InformED Report 11/3/16
Germany proves tuition-free college is not a silver bullet for America’s education woes
Jon Marcus | Quartz | Twitter
Claudia Niessler wouldn’t have attended a university that charged tuition, though even without it, her living expenses in college require her to work as many as 20 hours a week at a supermarket.
Stefan Steinbock pipes in that having to pay tuition would discourage people with good grades but low incomes from getting university degrees. Eliminating financial stress means he can focus on his academics.
But Peter-André Alt contends that being unable to charge tuition means universities are overcrowded and thinly stretched. Meanwhile, hard-pressed taxpayers are unfairly forced to fill the void, even if they don’t go to college or have kids who do.
Niessler and Steinbock are students at Freie Universität in Berlin; Alt is the university’s president. Together, they embody the surprising ambivalence, unexpected nuances, and general pros and cons of a tuition-free university in Germany, a model proposed in the US by Democratic presidential candidate Hillary Clinton.
To read more visit Quartz
Clinton touts debt-free college plan. Here’s how she’d pay for it.
Danielle Douglas-Gabriel | The Washington Post | Twitter
Hillary Clinton said during the debate that as president, tuition at public colleges and universities would be free for students from households earning up to $125,000, as part of a far-reaching $450 billion higher education plan.
So how would she pay for that?
Clinton’s campaign has said the candidate would reinstitute Ronald Reagan-era cuts on itemized tax deductions for high-income families. The Democratic nominee initially proposed a $350 billion plan, dubbed the New College Compact, that would provide money to states that guarantee “no-loan” tuition at four-year public universities and community colleges.
States that enroll a high number of low- and middle-income students would receive more money, as would those that work with schools to reduce living expenses. Clinton is also promising to let students and parents refinance education loans to lower their interest rates.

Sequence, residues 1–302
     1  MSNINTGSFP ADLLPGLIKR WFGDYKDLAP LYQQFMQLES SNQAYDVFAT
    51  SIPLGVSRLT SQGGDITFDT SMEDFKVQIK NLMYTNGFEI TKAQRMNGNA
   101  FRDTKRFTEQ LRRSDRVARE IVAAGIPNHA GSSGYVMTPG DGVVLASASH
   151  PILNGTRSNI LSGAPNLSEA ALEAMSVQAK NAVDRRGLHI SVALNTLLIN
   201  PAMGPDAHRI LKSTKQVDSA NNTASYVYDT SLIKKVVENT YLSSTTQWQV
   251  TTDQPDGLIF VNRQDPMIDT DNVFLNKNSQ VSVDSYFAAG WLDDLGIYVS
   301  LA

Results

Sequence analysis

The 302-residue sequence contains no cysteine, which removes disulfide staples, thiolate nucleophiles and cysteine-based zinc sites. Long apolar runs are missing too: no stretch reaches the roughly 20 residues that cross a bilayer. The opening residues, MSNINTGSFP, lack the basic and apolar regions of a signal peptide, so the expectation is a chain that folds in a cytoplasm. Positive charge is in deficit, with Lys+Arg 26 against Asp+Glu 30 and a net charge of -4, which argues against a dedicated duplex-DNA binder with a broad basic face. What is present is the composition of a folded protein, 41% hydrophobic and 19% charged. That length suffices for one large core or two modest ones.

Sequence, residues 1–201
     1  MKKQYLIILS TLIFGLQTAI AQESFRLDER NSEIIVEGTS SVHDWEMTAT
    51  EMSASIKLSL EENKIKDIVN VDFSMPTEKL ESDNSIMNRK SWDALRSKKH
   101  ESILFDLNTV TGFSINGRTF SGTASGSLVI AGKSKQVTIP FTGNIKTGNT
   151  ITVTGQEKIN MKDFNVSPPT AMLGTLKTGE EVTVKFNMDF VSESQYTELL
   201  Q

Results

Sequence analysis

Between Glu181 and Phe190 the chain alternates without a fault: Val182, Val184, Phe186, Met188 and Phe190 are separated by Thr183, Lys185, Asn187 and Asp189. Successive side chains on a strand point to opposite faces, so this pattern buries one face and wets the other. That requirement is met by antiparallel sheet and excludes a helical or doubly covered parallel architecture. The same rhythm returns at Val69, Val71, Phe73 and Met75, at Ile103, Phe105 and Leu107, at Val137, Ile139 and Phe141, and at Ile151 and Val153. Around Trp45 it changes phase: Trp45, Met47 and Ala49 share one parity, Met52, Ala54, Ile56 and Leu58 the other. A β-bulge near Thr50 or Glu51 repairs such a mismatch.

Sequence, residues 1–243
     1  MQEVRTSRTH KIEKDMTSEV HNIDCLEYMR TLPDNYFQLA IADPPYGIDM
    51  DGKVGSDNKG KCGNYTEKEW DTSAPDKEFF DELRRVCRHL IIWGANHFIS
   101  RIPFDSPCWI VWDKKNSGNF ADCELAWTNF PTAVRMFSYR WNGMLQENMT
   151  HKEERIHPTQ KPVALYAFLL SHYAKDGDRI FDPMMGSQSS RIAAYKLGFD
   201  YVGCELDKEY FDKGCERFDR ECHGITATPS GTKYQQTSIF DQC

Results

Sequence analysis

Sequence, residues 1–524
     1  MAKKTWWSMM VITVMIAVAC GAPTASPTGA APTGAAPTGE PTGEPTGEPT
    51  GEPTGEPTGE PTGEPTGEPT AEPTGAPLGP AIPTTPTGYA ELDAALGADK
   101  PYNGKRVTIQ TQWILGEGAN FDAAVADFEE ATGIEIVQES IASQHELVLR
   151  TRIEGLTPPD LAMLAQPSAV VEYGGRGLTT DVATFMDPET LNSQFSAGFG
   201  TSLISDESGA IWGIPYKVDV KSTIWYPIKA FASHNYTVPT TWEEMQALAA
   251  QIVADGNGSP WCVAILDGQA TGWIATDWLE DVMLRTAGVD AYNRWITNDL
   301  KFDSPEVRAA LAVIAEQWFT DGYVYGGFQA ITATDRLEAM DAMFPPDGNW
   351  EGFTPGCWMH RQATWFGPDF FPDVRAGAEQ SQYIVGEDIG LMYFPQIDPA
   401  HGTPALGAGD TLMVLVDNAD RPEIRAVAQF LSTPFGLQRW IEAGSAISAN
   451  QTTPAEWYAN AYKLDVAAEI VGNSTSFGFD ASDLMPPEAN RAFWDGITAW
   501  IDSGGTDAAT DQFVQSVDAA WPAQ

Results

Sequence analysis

To read more visit The Washington Post
Welfare Funds for Students Far From Welfare
Andrew Kreighbaum | Inside Higher Ed | Twitter
With the state experiencing huge revenue shortfalls during the recession in the late 2000s,
Michigan lawmakers got creative with their budget process.
Their maneuvering led the state to direct federal welfare funds to state college tuition grants — one of a handful of options to tackle a huge state budget shortfall. But nearly a decade later, that budget tactic has become a permanent feature of Michigan’s funding of higher education.
That means that at least a portion of federal money designated for safety net spending in the state is going to the children of middle- and upper-income families attending institutions in the state like Aquinas College, Albion College and Kalamazoo College — an arrangement that is getting new scrutiny. According to the Michigan Department of Treasury, more than $93 million of Michigan’s allocation of funds from the Temporary Assistance for Needy Families (TANF) program goes to tuition grants, and more than $40 million went to private institutions in the fiscal year 2016.
Advocates for college access and private institutions that benefit from the tuition grants say what’s needed in Michigan isn’t removal of those welfare dollars but expanding support for higher education overall.
To read more visit Inside Higher Ed